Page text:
31-year-old Scottish athlete Robbie Simpson raced to an emphatic victory at the RMB Ultra-trail Cape Town Peninsula Traverse 55 km (PT55) in windy conditions this morning (Friday 24 November), while Stellenbosch athlete Landie Greyling won the women’s race following a dramatic final ten minutes to set the ball rolling for three days of top-quality competition in Africa’s biggest trail race event.
Simpson, a Commonwealth Games bronze medallist in the marathon, showed just why he is rated so highly on world circuits, but for sheer excitement, nothing could beat the showdown between Greyling, her fellow South African Sume van Heerden and German athlete Kimi Schreiber.
With a 17-minute deficit on Schreiber at the UCT aid station just 10km from home, it looked certain she would be racing for second, but crippling leg cramps brought Schreiber to a halt shortly after the sharp climb to Kings Block House.
“It was impossible – I just sat down for almost 20 minutes,” said Schreiber. “I simply couldn’t move. I tried to stretch out the cramps but that didn’t seem to work and only when I took a salt tablet did the cramps ease and I could run again.”
But by that time, both Greyling and Van Heerden had overtaken Schreiber and it looked race over for the German. But Schreiber was far from finished and she began to close the gap on her South African rivals. As she turned for the final fast descent at Dead Man’s Tree, 3km from the finish she was just 6 seconds back of Van Heerden with Greyling a further 1:50 ahead.
Muscles restored, Schreiber descended at pace, sweeping past Van Heerden and drawing level with Greyling as they approached the boardwalk just a kilometre from the finish.
“I could have kicked myself,” Greyling admitted. “I didn’t think she would come back after I passed her and I was running within my comfort zone. I should have pushed hard and opened a bigger gap. I got such a shock when I saw her that I leaped forward and sped downhill. I was not going to give up the title so close to the finish!”
Greyling’s natural speed stood her in good stead as she flew along the final 500m of tarmac to the finish at the Gardens Tech Rugby Club to the title in 6hrs 23min 31sec – just five seconds ahead of Schreiber. Van Heerden, wife of Otter African Trail Champion, Johardt, ran the race of her life, to finish third just 1:50 back of Schreiber in her ultra-marathon debut, with American Tessa Chesser less than five minutes behind in 4th.
Earlier, former Cape Town-based Norwegian athlete, Shanga Balendran had led from the start at Llandudno, flying over the coastal rocks past Sandy Bay with dexterity and speed, before Schreiber took over at the Rocket Road aid station. She opened a clear gap on the climb to Suther Peak to pull clear of her rivals before the final denouement.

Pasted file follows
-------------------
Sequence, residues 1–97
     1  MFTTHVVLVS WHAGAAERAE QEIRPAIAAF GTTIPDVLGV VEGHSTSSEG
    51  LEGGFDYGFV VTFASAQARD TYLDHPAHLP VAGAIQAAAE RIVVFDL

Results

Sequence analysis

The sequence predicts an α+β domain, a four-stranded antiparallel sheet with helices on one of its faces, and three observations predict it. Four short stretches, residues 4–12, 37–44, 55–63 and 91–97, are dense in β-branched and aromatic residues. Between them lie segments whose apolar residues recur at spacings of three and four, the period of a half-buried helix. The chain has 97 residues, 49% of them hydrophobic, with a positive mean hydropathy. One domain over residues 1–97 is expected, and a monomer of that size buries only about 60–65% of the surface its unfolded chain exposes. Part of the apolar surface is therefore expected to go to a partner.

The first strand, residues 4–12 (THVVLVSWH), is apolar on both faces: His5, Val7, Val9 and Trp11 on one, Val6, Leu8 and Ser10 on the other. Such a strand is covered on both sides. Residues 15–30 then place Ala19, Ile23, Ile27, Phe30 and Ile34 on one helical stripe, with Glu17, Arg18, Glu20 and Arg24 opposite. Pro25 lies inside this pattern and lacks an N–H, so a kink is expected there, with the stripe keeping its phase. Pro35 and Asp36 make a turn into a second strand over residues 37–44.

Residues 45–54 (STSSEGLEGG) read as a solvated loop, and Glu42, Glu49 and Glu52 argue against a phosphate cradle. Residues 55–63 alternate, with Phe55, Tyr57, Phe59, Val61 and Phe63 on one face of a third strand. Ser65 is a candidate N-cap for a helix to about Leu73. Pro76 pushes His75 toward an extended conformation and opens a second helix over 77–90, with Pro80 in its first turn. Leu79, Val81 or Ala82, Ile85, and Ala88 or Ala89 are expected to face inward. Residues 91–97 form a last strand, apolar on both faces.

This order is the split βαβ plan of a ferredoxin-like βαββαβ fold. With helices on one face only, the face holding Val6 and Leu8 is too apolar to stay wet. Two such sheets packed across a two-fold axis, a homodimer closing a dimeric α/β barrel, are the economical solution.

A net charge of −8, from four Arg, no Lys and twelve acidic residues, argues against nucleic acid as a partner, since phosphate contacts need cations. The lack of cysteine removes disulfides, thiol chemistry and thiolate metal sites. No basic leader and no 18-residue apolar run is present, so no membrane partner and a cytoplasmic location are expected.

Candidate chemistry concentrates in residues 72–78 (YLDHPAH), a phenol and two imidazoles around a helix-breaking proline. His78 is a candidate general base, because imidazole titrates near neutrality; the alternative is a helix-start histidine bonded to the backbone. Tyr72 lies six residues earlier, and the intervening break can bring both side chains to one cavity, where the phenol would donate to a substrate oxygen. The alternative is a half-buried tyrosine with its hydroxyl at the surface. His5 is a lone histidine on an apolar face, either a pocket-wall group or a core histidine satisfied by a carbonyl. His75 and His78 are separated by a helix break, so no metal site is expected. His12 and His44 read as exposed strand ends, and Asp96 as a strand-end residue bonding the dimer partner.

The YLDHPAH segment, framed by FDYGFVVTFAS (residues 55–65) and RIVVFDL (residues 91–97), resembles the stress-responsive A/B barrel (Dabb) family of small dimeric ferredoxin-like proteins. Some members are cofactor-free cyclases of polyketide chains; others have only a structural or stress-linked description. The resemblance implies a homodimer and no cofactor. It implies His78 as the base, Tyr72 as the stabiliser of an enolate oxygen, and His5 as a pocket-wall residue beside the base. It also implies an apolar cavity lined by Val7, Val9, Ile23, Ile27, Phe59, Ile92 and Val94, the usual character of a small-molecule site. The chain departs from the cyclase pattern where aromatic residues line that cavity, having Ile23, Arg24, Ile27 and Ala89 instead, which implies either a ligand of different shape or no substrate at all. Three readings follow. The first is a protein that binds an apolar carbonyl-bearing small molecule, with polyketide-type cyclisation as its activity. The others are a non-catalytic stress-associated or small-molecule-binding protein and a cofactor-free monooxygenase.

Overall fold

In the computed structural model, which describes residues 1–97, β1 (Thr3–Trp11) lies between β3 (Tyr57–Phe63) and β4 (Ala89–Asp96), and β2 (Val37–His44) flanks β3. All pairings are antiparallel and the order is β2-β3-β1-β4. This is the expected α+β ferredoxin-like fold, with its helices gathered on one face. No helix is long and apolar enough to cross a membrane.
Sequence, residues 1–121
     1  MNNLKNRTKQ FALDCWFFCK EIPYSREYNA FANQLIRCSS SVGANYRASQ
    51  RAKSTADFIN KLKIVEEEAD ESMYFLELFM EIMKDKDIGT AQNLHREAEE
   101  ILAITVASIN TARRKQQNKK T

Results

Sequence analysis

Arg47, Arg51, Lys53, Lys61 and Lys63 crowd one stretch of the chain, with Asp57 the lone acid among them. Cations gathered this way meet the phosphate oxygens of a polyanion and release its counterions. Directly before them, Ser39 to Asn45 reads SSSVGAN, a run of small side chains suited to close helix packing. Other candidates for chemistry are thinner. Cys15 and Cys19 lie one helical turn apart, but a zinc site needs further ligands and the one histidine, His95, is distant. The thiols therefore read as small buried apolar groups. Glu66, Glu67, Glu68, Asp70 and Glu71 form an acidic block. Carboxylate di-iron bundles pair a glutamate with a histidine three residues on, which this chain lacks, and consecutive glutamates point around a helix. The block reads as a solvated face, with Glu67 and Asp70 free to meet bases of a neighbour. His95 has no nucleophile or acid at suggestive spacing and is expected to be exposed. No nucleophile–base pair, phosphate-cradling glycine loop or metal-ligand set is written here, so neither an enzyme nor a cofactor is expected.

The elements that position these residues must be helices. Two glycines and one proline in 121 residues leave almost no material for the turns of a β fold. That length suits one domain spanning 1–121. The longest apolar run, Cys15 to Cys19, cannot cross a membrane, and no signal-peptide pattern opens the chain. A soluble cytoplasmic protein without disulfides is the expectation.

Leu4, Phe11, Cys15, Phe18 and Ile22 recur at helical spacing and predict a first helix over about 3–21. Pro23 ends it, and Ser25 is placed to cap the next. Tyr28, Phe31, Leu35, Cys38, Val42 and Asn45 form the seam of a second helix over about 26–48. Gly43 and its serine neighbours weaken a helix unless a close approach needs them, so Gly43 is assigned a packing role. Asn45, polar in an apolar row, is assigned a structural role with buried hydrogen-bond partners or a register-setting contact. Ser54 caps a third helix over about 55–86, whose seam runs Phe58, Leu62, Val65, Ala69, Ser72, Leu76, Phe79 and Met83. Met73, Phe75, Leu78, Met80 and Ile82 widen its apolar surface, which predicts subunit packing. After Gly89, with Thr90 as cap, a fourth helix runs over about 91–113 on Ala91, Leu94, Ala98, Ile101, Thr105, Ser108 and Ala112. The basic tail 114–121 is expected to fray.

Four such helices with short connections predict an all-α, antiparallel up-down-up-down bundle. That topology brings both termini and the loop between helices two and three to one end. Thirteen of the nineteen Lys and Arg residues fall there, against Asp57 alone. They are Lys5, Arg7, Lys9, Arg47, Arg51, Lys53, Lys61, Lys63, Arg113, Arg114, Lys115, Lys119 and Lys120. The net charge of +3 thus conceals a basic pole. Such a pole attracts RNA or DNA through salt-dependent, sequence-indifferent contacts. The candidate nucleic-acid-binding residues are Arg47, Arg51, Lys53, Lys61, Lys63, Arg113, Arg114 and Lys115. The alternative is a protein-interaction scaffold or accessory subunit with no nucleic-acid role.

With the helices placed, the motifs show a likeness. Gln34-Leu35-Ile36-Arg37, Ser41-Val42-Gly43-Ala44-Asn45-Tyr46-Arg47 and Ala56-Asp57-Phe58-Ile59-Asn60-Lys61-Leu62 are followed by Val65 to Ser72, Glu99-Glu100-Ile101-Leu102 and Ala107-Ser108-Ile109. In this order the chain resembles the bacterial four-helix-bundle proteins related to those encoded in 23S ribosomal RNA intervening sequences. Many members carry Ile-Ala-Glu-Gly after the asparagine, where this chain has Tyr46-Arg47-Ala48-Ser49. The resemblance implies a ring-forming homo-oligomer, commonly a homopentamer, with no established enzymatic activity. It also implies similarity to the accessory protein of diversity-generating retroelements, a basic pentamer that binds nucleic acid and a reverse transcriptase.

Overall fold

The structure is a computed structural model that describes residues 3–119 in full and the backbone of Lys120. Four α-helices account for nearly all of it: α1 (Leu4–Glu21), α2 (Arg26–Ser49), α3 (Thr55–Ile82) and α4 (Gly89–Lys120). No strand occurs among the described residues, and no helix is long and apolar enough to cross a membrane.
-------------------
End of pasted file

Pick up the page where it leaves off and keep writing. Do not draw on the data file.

In comparison, the men’s race proved predictable and straightforward, but Simpson’s performance was outstanding, his winning time just 28 seconds over the five-hour mark half an hour inside the anticipated time for the first across the line.
And in an adidas TERREX team triumph, American Jeshurun Small took second place, 13:25 behind his teammate to take second with German Marcel Höche making it three out of four for the black-and-white-striped ‘OneTeam’ with a solid fourth behind Danish athlete Mads Louring.
Simpson was full of praise for the race and his time in Cape Town, where he has been part of the adidas TERREX training camp for several weeks, and he felt the race had gone as well as it could have. “I held back a bit in the earlier technical section and then was able to pick up the pace on the more runnable sections,” Simpson said.
“But I was never comfortable, as I was unsure how far behind Jeshurun was and I know his ability! The only part of the race I felt strained was the section approaching the UCT station, where I felt it quite warm out of the wind. I was a bit wobbly at the station, but the sight of my teammates welcoming me into the station and the chance to dunk my head in water made all the difference.”
Ironically, the one thing Simpson had feared prior to the race, snakes, came into play as the Scot led the field through Constantia Glen wine estate. “We’d come off the mountain where I was looking out for them, then running through the vineyards I saw a cobra but fortunately managed to keep out of its way!”
One of South Africa’s hardest-working and committed trail athletes, Eastern Cape’s Mvuyisi Gcogco, inexplicably still unsponsored, rounded out the top five with a strong 5:51:42 run. Incredibly, Gcogco achieved his success on very little sleep in the 48 hours prior to the race. “I’ve taken up long-distance truck driving to help pay off my debts, and I had to drive a night sector from Johannesburg to Port Elizabeth two nights before race day and only arrived in Cape Town late on the eve of the race.”
Simpson and Small had led the field through the first 8km before Simpson opened a gap on the testing climb up Suther Peak. He crossed the chest-deep river on Hout Bay Beach a minute clear of Small, with just over a quarter of the race run. Louring and Höche ran with Cape Town athlete Joshua Chigome in joint third six minutes in arrears.
Simpson had increased his lead to 3:37 through Constantia Glen just past half-way which he held through the Alphen aid station, 32km into the race, but Simpson’s strength on the ascent saw him stretch his lead to comfortable proportions through Nursery Ravine and his strong finish clinched first prize of R20 000.